No, they are not out to get us:  Unfortunately, the common perception of Muslims in America is that Muslims want to kill non-Muslims.  There are few months when a student does not say as much, but we can dismiss this as adolescence.  But where are they getting this view?  Parents?  Television depictions?  Talk-show hosts?  Political candidates?  Religious leaders?  Sadly, some of all of the above.  Of course, my attention was most drawn to those passages that dealt with violence.  Maybe my greatest observation here is truly how few of these passages there are, especially in the more so Meccan last half of the Qur’an.  Then, I was reminded that, just like the Bible, these passages have to be taken in context.  All of them pertained to issues in 7th century Arabia, mainly involving aggressive pagans and a few cases of attacking Christians or Jews.  Generally, I do believe it is right to depict the condoning of violence in the Qur’an as self-defense.  I have no doubt, however, that even in the time of Muhammad this ideal degraded into more than self-defense; dealing with violence with more violence will do that.

Yet, some of them are:  It would be naive and irresponsible to ignore the fact that there are Muslims today who cite their religion as grounds for their violent attacks on non-Muslims, Christians and Jews especially.  Yes, there do seem to be some Muslims who do believe America is the “Great Satan,” though I still think we ought to ask why?  As I see it this goes back to the very same violent texts mentioned above.  As long as you have ayahs like these in the Qur’an — “Fighting has been ordained for you” (2:216) and “Kill them wherever you encounter them” (2:191) — you will have people who come along, regardless of context, and make these texts support their murderous agendas.  Is the Qur’an a violent book?  I don’t think so.  Can it be?  Absolutely!  Again, I think this has more to do with politics and ideology than religion.

Women get a mixed bag:  Is Islam inherently a misogynistic religion that subjugates women?  Like my observations about violence above, it depends on who you are talking to.  Are there passages that can be taken as demeaning to women?  Yes (4:34-35).  But there are also passages that are very protective of women, especially in cases of divorce.  Does polygamy have to be seen as demeaning to women?  No, but it can easily turn into that.  Are hijabs and burqahs prisons into which women are locked?  If you have a forceful husband who is used to getting his way and maybe has a jealous streak, sure they can be.  But they can also be incredibly empowering when they are the way a woman says she will control who can gaze upon her beauty and potentially turn her into a sexual object.  Again, I think the answer here has less to do with religion and more with personality, culture, and situations.  I suspect an American, Canadian, or British Muslim woman experiences a very different life than a young Muslim woman in parts of Iran, Afghanistan or India.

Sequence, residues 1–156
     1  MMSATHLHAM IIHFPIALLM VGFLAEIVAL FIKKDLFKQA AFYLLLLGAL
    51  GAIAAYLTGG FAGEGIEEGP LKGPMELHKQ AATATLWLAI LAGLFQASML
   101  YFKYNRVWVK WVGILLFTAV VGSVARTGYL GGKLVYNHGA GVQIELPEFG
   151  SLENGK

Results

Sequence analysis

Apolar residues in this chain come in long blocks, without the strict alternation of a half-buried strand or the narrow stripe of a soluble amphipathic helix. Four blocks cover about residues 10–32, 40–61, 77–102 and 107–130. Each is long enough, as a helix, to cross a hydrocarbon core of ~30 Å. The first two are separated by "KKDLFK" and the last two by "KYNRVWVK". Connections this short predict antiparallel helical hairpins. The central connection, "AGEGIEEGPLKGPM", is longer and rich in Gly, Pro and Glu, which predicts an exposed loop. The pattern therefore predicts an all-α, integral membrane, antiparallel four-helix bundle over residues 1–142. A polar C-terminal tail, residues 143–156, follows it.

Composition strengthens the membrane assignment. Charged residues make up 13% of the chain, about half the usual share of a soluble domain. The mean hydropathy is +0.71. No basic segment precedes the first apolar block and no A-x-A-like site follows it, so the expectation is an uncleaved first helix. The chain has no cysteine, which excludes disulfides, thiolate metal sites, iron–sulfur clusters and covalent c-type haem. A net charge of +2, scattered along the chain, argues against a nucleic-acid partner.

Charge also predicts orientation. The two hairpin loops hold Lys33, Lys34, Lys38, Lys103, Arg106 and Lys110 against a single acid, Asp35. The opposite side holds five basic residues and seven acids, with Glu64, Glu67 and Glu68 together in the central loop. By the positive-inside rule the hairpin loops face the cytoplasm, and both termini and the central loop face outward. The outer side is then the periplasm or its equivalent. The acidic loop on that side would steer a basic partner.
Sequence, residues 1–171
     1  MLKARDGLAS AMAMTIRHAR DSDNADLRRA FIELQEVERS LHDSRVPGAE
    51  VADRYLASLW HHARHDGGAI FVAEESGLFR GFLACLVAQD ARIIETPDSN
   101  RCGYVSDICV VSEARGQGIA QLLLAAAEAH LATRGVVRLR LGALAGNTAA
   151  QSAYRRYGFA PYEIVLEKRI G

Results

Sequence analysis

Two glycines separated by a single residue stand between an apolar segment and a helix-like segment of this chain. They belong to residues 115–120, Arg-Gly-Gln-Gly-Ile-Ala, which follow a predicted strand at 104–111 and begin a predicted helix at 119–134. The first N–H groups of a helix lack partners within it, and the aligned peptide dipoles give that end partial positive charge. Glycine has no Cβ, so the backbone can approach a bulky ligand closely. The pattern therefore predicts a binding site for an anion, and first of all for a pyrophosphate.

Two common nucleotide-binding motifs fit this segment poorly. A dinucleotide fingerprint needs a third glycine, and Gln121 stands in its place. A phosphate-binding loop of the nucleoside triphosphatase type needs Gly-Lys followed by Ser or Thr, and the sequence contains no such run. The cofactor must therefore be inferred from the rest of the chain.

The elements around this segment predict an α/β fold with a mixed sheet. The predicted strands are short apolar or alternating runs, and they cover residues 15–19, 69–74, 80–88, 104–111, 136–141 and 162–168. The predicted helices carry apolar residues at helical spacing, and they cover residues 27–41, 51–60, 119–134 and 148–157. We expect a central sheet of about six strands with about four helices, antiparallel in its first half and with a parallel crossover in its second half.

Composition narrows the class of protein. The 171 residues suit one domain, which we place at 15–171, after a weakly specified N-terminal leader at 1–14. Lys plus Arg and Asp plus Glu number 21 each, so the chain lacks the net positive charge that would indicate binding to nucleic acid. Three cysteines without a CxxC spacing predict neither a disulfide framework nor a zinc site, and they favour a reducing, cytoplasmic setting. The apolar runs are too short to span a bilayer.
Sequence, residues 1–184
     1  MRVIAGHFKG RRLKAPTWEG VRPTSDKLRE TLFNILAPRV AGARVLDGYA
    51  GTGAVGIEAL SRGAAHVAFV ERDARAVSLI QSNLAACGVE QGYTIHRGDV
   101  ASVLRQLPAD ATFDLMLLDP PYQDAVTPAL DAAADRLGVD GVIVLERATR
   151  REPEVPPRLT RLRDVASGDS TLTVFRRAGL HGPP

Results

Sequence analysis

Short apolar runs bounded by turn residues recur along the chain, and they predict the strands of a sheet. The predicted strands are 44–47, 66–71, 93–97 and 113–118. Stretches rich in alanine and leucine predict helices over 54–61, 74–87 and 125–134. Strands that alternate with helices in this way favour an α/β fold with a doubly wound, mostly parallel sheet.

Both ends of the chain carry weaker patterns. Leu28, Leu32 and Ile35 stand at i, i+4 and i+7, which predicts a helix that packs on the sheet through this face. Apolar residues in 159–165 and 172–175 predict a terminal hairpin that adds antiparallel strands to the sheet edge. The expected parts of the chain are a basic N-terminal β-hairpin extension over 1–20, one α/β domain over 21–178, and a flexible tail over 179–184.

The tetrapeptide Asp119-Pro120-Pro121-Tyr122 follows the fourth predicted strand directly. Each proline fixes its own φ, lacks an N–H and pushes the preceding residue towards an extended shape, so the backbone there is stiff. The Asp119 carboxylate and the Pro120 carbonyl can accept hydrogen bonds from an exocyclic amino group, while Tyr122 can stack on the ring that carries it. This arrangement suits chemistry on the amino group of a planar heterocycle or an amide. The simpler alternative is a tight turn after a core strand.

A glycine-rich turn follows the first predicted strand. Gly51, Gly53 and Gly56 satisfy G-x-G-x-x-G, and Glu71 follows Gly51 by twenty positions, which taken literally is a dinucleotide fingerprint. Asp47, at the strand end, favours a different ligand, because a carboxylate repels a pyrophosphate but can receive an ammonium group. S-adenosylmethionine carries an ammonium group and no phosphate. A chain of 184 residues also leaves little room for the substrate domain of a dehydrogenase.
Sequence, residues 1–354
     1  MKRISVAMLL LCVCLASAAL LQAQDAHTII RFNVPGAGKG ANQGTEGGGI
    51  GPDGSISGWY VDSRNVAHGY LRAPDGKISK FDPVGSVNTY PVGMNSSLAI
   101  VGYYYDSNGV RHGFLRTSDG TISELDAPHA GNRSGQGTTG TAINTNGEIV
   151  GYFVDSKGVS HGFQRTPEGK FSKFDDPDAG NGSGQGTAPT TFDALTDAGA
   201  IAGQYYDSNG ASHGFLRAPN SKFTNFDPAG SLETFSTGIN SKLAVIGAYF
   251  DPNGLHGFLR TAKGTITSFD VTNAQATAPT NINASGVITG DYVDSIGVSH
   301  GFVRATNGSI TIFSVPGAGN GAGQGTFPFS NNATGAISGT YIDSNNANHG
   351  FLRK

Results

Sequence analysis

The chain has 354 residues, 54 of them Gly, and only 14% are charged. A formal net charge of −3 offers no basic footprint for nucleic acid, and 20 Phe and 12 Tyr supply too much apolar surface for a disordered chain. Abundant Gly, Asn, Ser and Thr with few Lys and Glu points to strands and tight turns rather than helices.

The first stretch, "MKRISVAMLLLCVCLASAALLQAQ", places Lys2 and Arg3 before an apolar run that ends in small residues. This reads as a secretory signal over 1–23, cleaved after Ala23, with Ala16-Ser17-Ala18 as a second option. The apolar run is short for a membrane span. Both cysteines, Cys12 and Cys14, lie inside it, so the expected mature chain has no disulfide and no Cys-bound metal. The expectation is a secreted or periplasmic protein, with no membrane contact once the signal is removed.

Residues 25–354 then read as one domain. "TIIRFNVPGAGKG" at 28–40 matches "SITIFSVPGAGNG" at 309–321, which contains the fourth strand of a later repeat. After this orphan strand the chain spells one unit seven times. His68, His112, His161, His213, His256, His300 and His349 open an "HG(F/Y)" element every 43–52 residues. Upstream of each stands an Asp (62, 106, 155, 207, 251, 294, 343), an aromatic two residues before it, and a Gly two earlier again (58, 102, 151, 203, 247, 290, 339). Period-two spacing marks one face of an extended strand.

Islam gets so much so right:  In part it is because Islam is still eastern and tied to honor societies in contrast to western Christianity that seems to be driven more so by success, progress, and love, but I am struck by the respect accorded Allah in the Qur’an and in Muslim society.  This is a stark contrast to popular American Christianity-lite where “Jesus is my homeboy” or where we think the first thing we will do in Heaven is give God a hug.  The expectations placed on a worshiper of Allah are clear and high: be truly committed, no turning back, give it all or don’t bother.  The choices in life are simple and clear: Paradise or Hellfire.  Two paths to choose from, which one will it be?  Along that line, one’s eternal destiny is constantly before one as they read their Qur’an.  I would hazard to guess that Judgment and the afterlife are mentioned in at least 90% of the surahs.  People have a responsibility to care about and care for the weak and needy of our society.  Religion is intended to be embodied in flesh.  We do religion; it is lived.  Think about the five pillars of Islam: statement of belief, prayer, fasting, alms, and pilgrimage.  All of these pillars which “hold up” the religion are actions one does.  One doesn’t just believe Islam.  One does it.  I find much of this admirable.